Arduino announced that its IDE will now support Raspberry Pi RP2040 chips using the Arduino Mbed core. This means that programmers will no longer have to use the unofficial board plugins in the Arduino IDE to program their Raspberry Pi Pico. In the initial launch of the Raspberry Pi Pico, the only way to set up and program the device in C was via the VS code toolchain. However, this method was very complicated and time-consuming. So, as an alternative, GitHub user Earle F Philhower created his own Arduino-Pico port for all RP2040 boards, successfully integrating the Pico in the Arduino ecosystem.
It used the bare Raspberry Pi Pico SDK and a custom GCC 10.2/Newlib 4.0 toolchain. The Raspberry Pi Pico finally had support inside the Arduino IDE thanks to Earle’s port. This made setting up and programming the Pico much easier. The port supported features such as pulse width modulation (PWM) and programmable input/output (PIO) state machine control for jitter-free servo control. However, there were still a few shortcomings in the port. For example, it did not support installable file systems or I2S. Additionally, Earle planned on updating the debug infrastructure. Finally, Arduino’s official support is now available as a prelude to their release of the Nano RP2040 connect.
What is in this new Arduino Core?
Arduino IDE uses a Mbed OS-based core since it was first adapted for the Nano 33 BLE and Nano 33 BLE sense. Mbed is a platform and OS for internet-connected devices based on 32 bit ARM Cortex-M Microcontrollers. As Mbed shares its drivers and libraries with the Arduino Core, it is easy to support new Arduino boards with IoT capabilities, such as the Nano RP2040 connect. Arduino has provided 2 cores this time. One is for the Nano RP2040 Connect, and the other is for RP2040-based boards such as Raspberry Pi Pico. The cores can be accessed through the Boards Manager. It is possible to install cores from there.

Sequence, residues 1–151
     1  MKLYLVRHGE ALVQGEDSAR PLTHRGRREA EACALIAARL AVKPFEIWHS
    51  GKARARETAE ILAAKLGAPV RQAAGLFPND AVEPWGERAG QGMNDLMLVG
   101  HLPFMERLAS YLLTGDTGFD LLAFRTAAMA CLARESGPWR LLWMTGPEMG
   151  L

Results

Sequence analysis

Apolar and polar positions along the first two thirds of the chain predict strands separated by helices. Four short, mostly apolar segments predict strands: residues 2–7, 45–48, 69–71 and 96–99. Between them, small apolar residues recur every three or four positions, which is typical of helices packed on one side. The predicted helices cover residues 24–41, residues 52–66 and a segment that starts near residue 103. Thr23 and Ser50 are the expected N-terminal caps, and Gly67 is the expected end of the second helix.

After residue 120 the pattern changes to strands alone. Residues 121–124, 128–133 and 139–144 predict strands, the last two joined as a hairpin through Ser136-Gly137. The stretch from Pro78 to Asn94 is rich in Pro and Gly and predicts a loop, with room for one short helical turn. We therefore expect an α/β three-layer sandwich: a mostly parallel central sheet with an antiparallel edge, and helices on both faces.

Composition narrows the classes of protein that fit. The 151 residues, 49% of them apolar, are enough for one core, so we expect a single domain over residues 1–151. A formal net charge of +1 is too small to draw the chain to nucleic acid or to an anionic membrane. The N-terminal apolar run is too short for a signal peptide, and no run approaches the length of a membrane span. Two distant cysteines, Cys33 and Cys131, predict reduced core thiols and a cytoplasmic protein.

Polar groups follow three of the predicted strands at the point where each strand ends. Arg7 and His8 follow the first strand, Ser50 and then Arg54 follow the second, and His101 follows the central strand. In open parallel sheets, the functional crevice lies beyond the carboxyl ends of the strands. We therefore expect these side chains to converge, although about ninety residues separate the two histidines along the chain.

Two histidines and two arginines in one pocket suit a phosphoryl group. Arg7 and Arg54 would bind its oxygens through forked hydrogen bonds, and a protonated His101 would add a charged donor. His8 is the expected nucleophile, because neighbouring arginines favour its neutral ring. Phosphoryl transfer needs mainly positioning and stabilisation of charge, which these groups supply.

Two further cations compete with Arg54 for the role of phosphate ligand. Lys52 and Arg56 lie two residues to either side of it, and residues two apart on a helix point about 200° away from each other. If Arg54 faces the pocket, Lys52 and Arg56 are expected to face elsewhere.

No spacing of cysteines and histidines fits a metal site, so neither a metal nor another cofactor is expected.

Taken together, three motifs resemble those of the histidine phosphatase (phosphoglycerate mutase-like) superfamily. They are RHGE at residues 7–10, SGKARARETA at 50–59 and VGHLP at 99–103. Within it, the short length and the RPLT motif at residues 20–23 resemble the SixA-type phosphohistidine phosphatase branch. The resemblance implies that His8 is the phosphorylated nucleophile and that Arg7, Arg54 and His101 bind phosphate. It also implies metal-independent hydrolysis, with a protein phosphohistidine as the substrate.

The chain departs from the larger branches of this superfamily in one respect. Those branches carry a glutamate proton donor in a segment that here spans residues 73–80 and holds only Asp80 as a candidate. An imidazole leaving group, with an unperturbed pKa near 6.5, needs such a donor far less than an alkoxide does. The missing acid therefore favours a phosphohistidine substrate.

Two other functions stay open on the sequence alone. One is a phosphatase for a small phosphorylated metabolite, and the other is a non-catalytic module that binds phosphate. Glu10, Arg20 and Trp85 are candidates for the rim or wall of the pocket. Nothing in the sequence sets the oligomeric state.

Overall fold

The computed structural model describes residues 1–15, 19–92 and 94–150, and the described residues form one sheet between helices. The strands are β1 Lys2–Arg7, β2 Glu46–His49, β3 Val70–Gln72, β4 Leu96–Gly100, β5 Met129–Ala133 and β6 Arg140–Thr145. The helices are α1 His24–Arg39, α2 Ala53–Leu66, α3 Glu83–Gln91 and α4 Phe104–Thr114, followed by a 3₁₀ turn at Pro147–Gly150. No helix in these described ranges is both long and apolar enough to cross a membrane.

Although there are a few drawbacks of using the official RP2040 core for Raspberry Pi Pico. Few libraries are not compatible with the Pico and will throw an error message for complex scripts. Furthermore, the Raspberry Pi Pico compiler for the Arduino IDE is not as efficient as the one used for Arduino boards since similar code on Raspberry Pi Pico takes up a lot more space than code on an Arduino Mega. To run this core on Arduino IDE 2.0, the 1.8 version of the IDE must be installed beforehand to get all the device drivers.
Arduino took their time to introduce support for the RP2040 chips in their IDE, but it ensures that this core is a stable and comprehensive release. The current version is still rough around the edges but it’,s still better than the unofficial Arduino-Pico core. This is good for anyone who wants to start working on a Pico immediately or for hobbyists who wish to write their own simple code. Sources for the pictures and technical details are on Arduino’s official blog post. For more information on Earle’s Arduino-Pico port, please visit his Github page.
Harsh Pawar is a student of Mechanical Engineering. Specializes in the Mechatronics domain. Alongside this, He’s an avid runner and an auto enthusiast